Tuesday June 28, 2016
So you just got home from a business trip, and you have a shoebox full of warm leads - otherwise known as business cards.
These are people you talked to, built rapport with, maybe promised that you'd get in touch with them soon...
There's nothing to worry about... they probably WANT to hear from you...
So why are you still sitting there with the phone in your hand, wondering if today is really the right day to make that phone call?
If that scenario doesn't seem familiar, because you follow up with your contacts promptly and easily, that's great!
But if you find yourself hesitating to dial their number, even though you set aside time to make the calls, here are 4 ways you can overcome your hesitation, and feel confident and enthusiastic as you build your new relationships.
Method 1: Get in touch with your own value.
One of the things that keeps people from following up is that they don't feel they have enough to offer, or they're afraid of being outed as a fraud.
They may think things like,
"I'm just starting out; I don't have much experience."
"I haven't achieved much success in my business. What if she asks what I've accomplished so far, and dismisses me when she hears how little I've done?"
"What if they feel like I'm wasting their time?"
Inner comments and questions like that can hold you back from creating extremely beneficial relationships, so here are a few ways you can build not just your own confidence, but your contact's confidence in you:
1. Write a quick list of things you KNOW you're good at, and how you know you're good at them.
For example, "I know I'm good at helping people to repair their love relationships, because my friends are always coming to me for advice, and they usually tell me that my suggestions worked."
2. Write a list of the ways in which you can help the other person.
Guiding them with your expertise, sharing their message or content with your community, referring clients to each other, or forming an accountability partnership are some ways in which you can offer value to the person you're calling.
I suggest having more than one method in mind, in case they don't need one particular aspect of your service right away, but there's still an opportunity for you to help each other in another way.
When you know that your phone call can benefit the person you're calling, it's easier to feel confident and worthy when asking for a chunk of their time.
3. List the victories you've already achieved.
Sometimes, it's easier to remember your failures than your wins.
So if you're hesitating to make a phone call because you don't feel like you've accomplished anything, take three minutes to remember and honor the things you've already achieved.
Method 2: Have some conversation topics available as fallbacks.
Did they say something interesting during the event that you'd like to hear more about?
Do you have a question, comment or insight about an earlier conversation, their product, or their website?
Did you find an article, tip or video that you think will be helpful or interesting to them?
When you have a few icebreaker topics you can fall back on, it helps you avoid the frozen feeling of not knowing what to say next, and it gives you a specific reason for calling them other than "I hope this will benefit our businesses in some way".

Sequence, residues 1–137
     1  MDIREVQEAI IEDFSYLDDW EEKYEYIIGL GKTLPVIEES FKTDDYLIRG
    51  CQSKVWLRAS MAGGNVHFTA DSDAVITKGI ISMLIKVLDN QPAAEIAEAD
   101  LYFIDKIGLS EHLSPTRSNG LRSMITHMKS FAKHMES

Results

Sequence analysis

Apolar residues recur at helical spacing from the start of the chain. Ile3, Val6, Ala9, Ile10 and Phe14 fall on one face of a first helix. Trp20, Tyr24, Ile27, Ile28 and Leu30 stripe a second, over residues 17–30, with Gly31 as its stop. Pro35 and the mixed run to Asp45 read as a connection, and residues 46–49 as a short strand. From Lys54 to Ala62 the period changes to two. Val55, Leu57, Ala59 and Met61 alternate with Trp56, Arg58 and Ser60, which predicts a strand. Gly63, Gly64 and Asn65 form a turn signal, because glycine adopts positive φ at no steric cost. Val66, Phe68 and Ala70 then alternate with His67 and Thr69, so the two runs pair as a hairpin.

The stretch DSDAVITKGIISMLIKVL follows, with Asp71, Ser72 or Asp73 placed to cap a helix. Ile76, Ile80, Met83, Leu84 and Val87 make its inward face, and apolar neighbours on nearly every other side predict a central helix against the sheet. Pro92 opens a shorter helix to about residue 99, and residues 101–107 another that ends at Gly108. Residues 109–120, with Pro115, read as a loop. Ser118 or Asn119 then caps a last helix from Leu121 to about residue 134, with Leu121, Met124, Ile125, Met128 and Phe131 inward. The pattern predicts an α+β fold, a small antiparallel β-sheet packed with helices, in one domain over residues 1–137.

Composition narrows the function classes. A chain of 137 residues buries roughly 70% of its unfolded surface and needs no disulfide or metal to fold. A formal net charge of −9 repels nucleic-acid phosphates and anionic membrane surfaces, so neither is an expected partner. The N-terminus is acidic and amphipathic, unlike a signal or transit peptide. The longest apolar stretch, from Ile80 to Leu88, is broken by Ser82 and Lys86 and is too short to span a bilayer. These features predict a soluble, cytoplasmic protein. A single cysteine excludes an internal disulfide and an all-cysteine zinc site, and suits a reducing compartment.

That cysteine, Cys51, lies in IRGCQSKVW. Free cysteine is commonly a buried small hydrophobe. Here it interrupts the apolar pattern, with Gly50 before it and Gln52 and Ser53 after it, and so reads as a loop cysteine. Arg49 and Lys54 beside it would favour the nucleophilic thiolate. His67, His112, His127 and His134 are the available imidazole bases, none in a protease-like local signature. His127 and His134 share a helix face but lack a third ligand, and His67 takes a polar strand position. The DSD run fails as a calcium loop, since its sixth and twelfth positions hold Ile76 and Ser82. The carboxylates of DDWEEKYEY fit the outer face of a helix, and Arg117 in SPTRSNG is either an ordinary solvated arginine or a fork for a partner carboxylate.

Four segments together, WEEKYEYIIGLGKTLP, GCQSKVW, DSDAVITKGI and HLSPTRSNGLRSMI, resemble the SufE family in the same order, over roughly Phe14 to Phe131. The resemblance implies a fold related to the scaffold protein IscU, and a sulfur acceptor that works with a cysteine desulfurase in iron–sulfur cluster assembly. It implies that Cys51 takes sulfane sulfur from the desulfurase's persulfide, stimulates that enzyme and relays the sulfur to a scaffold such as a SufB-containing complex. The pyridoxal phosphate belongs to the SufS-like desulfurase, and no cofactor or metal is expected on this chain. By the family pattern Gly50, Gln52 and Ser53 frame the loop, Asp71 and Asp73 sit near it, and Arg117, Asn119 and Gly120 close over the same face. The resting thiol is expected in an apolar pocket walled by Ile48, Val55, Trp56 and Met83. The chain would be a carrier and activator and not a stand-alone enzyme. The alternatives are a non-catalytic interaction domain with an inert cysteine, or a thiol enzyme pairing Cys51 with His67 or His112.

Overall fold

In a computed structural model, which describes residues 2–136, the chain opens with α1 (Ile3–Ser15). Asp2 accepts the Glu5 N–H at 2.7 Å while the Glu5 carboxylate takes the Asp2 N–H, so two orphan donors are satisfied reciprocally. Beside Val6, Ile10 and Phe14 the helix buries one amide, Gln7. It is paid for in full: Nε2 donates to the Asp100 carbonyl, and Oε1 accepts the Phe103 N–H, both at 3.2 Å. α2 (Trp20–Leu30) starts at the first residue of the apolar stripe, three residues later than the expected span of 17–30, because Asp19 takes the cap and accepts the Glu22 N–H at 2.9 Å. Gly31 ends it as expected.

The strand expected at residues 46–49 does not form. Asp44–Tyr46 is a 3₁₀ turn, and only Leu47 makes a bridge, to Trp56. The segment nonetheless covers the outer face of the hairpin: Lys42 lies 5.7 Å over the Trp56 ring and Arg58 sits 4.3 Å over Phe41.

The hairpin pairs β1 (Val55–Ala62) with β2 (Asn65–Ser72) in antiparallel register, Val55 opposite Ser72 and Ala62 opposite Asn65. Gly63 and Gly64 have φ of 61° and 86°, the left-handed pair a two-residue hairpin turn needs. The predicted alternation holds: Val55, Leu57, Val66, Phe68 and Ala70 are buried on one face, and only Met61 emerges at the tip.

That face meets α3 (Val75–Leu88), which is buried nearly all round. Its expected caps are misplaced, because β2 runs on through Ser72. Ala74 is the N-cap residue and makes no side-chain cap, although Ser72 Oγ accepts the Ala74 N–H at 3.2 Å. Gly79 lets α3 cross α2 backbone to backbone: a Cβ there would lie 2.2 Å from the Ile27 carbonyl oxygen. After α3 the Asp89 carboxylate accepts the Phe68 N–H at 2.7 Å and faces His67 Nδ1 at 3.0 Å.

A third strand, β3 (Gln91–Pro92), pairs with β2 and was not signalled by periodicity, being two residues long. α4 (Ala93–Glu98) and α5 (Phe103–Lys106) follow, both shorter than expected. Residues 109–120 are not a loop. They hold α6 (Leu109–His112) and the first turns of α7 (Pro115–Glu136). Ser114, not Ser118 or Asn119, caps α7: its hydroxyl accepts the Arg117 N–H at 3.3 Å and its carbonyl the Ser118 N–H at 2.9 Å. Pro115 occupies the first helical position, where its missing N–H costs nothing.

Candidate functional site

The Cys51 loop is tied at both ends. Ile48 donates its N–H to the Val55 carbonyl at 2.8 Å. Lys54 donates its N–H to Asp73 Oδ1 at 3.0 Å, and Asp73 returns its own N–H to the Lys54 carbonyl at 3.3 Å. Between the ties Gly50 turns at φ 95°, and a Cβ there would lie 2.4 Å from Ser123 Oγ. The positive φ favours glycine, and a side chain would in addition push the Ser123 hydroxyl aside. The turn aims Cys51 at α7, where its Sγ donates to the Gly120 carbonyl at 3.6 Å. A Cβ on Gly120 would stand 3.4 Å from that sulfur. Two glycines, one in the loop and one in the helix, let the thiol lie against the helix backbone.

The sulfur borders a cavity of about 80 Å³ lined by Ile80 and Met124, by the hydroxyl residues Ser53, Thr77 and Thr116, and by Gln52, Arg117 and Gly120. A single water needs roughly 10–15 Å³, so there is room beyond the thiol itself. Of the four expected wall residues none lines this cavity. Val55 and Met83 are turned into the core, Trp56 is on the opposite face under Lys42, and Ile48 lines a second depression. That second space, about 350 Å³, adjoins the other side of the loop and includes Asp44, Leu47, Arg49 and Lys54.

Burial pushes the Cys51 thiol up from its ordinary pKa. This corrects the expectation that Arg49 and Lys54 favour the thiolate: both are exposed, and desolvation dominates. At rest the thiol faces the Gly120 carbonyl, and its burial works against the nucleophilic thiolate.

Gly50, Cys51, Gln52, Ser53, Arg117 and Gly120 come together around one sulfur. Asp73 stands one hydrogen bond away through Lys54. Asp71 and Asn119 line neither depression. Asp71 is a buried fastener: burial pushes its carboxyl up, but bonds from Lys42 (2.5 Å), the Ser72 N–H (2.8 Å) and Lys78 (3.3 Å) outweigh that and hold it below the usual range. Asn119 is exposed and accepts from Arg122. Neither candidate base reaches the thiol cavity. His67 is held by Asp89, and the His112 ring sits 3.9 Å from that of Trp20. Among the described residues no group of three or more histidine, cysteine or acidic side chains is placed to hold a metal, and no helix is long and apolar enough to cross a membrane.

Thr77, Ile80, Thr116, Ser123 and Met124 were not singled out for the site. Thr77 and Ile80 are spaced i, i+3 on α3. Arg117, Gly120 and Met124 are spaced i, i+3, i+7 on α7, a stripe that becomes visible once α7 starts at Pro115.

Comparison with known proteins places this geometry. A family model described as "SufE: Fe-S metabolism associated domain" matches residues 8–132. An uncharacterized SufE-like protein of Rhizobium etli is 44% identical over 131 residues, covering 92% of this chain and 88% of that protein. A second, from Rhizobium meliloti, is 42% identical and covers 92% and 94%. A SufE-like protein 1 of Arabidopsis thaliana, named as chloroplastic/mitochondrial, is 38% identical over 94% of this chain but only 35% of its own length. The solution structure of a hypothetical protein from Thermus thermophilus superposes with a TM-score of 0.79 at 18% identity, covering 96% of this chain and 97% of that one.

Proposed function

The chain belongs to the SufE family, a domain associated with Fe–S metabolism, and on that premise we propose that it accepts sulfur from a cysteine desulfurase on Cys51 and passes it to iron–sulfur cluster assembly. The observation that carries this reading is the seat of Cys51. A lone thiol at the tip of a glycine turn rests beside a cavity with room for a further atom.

Method 3: Remember that you don't need to be perfect.
Maybe you're tired, and your energy is less than it could be. Maybe your tongue will slip, you'll mispronounce their name, or you won't be able to remember something important off the top of your head.
Instead of getting embarrassed, laugh it off. If you offended them, apologize, but don't panic or feel like you've failed.
Flawed and relatable is more appealing than stiff and perfect, and the confidence to accept your own mistakes is more attractive than getting flustered over every minor slip.
So be your authentic self, and if you make a mistake, don't let it scare you or throw you off-balance.
Method 4: People get busy. Don't take it personally.
When I first started my business, I didn't realize just how busy businesspeople often are. So when people took weeks or months to get back to me, or never called back at all, I was surprised and offended, and I thought they were being very rude.
I later came to realize that sometimes, business owners - and people in general - are really just that busy. They don't have time to return every phone call or email, and some people ignore calls that come from numbers they don't recognize.
So if your calls and emails aren't picked up or returned right away, don't get upset. Just leave a message, tell them who you are and how you met them, give them your number, then hang up and make a note of when to follow up if you don't hear back.
And if someone gets annoyed when you call them, don't take that personally either. They could be having a bad day, or maybe they're especially busy or stressed, and the edge in their voice wasn't caused by you.
If the majority of the people you call seem irritated, then it's probably time to reevaluate your approach.
But if it's just the occasional person, remember that everyone has issues and problems they need to deal with, and their response isn't necessarily a reflection on you.
Most of the people with whom I follow up appreciate my efforts, even if they don't need my help right away, and they'll probably appreciate yours, too.
Do you have trouble following up with your business contacts?
What tips can you share to help your fellow readers make more prompt and effective follow-up calls?
I look forward to your comments.